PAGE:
Since 2012, GE has been taking its mobile fablab, the GE Garage, on a US tour, allowing public access to a range of neat Maker tools, like CNC machines, laser cutters and 3D printers. Most recently, the GE Garage popped up in Washington D.C. to expose tourists, politicians, lobbyists and whoever else may be hanging around the nation’s capital, to its hi-tech equipment. The best part of the marketing campaign is that ordinary individuals get to play with extraordinary stuff, as you can gather from this 2012 SXSW GE Garage video below:
This particular program however, which launched on March 21 and extends until April 9, is located at 1122 Connecticut Ave NW in Downtown Washington, DC, just half a mile from the White House. This is a prime spot to attract tourists to use the company’s MakerBot Replicator 2 3D printers for such projects as printing smartphone cases, in addition to the demos, workshops, and classes being offered by the fablab. Sponsored in part by Skillshare, Quirky, Make, and Inventables, GE Garages are meant to inspire participants to pursue their own inventive ideas through the exploration of GE’s tools with the help of technical experts, which GE hopes will “reinvigorate America’s interest in invention, innovation, and manufacturing.” After treating people in the US to “Build Your Own Weather Clock” and “3D Printing 101” workshops, as well as opportunities to design GE’s next fridge, GE will be taking their garages on a global tour.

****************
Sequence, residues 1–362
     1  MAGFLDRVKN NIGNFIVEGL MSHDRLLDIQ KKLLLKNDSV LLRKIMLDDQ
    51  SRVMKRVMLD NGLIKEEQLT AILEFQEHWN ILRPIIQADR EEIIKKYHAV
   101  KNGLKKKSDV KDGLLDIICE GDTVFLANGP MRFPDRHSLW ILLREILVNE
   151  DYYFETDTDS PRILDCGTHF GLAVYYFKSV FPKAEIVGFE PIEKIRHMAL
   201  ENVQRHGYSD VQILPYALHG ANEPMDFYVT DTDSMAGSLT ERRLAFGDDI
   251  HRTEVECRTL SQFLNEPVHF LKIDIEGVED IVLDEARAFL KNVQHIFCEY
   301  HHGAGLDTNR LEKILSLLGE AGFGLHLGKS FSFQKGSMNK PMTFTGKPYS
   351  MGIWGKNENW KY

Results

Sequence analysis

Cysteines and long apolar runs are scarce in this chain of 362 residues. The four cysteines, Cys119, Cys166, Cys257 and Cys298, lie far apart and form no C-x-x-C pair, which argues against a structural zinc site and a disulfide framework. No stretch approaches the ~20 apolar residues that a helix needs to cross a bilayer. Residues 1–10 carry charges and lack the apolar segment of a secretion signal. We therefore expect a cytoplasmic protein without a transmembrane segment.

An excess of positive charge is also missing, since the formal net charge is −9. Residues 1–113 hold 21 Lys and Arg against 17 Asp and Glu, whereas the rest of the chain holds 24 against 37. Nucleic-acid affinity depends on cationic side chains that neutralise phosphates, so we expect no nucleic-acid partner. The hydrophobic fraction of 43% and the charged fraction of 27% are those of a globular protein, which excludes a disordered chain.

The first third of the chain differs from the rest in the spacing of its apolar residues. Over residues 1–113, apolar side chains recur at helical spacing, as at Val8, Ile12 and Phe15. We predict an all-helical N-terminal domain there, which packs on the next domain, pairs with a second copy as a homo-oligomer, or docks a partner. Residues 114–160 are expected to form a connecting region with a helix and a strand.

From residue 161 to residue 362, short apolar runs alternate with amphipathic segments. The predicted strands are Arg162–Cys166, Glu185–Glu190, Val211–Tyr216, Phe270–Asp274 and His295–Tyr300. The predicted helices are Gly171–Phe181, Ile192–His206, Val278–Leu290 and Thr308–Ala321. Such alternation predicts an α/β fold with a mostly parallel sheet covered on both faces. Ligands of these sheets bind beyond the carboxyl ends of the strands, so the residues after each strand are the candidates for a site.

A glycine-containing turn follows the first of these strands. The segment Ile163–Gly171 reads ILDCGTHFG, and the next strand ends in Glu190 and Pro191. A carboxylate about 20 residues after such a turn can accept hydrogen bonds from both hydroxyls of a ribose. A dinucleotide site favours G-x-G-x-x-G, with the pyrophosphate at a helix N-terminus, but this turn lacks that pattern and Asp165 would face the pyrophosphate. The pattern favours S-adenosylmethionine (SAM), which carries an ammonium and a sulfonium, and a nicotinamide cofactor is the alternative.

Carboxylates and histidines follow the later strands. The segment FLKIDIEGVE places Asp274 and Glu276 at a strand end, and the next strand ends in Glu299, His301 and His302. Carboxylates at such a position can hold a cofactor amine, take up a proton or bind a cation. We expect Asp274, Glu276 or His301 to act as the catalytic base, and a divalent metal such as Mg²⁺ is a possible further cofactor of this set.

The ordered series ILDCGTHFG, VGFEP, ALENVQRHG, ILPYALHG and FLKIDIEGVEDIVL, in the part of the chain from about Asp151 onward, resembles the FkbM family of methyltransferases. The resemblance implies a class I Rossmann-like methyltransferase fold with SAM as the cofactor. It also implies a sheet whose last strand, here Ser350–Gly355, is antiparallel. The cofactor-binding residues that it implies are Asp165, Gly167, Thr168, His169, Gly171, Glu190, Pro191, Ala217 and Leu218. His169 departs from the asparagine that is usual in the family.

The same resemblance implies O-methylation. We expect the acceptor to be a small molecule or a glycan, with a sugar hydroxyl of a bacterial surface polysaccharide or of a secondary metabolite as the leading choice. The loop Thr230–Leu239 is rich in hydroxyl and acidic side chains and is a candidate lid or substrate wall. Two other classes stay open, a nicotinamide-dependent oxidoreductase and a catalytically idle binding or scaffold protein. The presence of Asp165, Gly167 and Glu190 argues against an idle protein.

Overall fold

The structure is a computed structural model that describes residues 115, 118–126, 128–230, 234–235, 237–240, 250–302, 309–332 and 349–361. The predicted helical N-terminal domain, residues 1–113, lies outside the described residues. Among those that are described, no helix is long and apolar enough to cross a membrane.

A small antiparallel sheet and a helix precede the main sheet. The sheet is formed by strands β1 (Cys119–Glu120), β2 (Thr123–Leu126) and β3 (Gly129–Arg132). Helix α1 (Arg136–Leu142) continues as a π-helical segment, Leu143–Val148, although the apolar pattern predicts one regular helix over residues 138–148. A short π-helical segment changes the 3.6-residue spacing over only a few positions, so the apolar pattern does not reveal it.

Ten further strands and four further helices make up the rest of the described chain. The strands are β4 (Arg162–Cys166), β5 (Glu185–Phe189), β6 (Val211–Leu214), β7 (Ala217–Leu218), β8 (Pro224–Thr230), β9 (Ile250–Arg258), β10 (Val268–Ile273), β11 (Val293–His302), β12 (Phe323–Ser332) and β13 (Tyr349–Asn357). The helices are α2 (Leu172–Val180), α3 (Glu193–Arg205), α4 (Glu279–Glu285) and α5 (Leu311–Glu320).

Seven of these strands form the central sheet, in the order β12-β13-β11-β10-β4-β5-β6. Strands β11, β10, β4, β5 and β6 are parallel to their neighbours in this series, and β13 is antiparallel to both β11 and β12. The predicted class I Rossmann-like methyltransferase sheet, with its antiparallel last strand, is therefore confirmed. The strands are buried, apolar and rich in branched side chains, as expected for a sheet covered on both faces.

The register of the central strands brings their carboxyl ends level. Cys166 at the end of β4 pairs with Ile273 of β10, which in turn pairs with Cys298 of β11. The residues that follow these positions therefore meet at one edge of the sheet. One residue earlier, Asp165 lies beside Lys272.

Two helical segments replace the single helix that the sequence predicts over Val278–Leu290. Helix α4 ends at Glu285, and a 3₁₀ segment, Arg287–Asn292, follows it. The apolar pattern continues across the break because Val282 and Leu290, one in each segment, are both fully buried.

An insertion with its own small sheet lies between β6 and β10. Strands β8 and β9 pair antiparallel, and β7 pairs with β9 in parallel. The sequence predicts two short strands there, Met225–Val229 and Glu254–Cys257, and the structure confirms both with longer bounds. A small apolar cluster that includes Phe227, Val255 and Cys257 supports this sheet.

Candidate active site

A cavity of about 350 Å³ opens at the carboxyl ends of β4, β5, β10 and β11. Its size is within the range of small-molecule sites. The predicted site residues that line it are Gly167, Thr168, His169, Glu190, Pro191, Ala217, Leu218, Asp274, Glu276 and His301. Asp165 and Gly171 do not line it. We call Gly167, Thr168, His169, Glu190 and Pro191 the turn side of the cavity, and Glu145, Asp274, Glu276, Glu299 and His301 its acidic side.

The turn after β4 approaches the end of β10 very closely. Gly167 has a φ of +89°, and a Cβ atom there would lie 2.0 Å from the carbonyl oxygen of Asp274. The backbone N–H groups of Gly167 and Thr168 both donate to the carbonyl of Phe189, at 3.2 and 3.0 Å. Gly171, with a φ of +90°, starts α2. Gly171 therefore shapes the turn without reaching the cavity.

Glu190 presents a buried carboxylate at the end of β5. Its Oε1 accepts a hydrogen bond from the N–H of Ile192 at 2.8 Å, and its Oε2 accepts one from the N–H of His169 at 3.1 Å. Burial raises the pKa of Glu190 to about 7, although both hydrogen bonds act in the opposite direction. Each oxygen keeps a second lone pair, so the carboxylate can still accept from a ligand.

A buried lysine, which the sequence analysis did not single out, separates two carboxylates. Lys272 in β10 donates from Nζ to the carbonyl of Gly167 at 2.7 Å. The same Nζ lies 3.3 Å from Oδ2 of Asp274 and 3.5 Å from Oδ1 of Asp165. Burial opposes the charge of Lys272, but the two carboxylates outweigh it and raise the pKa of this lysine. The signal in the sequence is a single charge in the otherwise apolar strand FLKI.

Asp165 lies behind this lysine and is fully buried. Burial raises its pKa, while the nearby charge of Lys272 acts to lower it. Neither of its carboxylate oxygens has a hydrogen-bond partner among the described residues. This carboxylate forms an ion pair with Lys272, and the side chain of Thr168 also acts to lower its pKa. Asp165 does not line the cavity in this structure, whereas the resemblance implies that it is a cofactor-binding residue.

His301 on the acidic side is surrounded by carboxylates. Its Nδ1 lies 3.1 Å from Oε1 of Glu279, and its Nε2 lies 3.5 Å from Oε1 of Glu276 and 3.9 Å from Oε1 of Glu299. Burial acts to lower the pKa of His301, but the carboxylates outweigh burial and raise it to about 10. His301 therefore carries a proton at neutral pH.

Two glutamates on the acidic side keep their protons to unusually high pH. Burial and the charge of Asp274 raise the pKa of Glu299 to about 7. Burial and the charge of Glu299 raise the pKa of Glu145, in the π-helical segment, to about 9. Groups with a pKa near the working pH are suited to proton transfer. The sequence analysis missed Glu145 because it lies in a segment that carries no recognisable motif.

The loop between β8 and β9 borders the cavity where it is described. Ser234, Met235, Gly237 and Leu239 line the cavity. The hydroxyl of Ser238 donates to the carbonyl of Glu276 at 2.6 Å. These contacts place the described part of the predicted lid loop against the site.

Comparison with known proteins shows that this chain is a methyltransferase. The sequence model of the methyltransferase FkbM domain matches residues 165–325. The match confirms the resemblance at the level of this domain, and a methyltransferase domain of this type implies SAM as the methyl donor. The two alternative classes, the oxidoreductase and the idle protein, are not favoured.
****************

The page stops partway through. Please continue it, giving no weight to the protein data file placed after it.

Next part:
While on tour, the manufacturing multinational will showcase its Firstbuild program, an extension of GE’s crowdsourcing efforts. Firstbuild is a “radically open community” where anyone can work to innovate GE’s existing products or design new ones. The initiative was developed in partnership with Local Motors, responsible for the crowd-designed Rally Fighter automobile, and plans to take community sourced designs through the traditional manufacturing steps of testing, rapid prototyping and small-volume production. Firstbuild will launch in summer of 2014, but you can get a sense of what it will be like by watching the video below:
Both the GE Garage and Firstbuild concepts are interesting ways for revamping the company’s image. Firstbuild is an especially intriguing way for the company to exploit the 21st century crowdsourcing model for its own ends. The question is whether or not these new gimmicks reflect a mere change in GE’s public face or a change in the way the company itself does business.
Source: Tech Cocktail
 What could be more radical than something driven by the 26th largest corporation in America, the ninth worst air polluter in the United States in 2010 according to the Political Economy Research Institute, responsible both for the designs of the reactors at Fukushima and the designs of Ronald Reagan?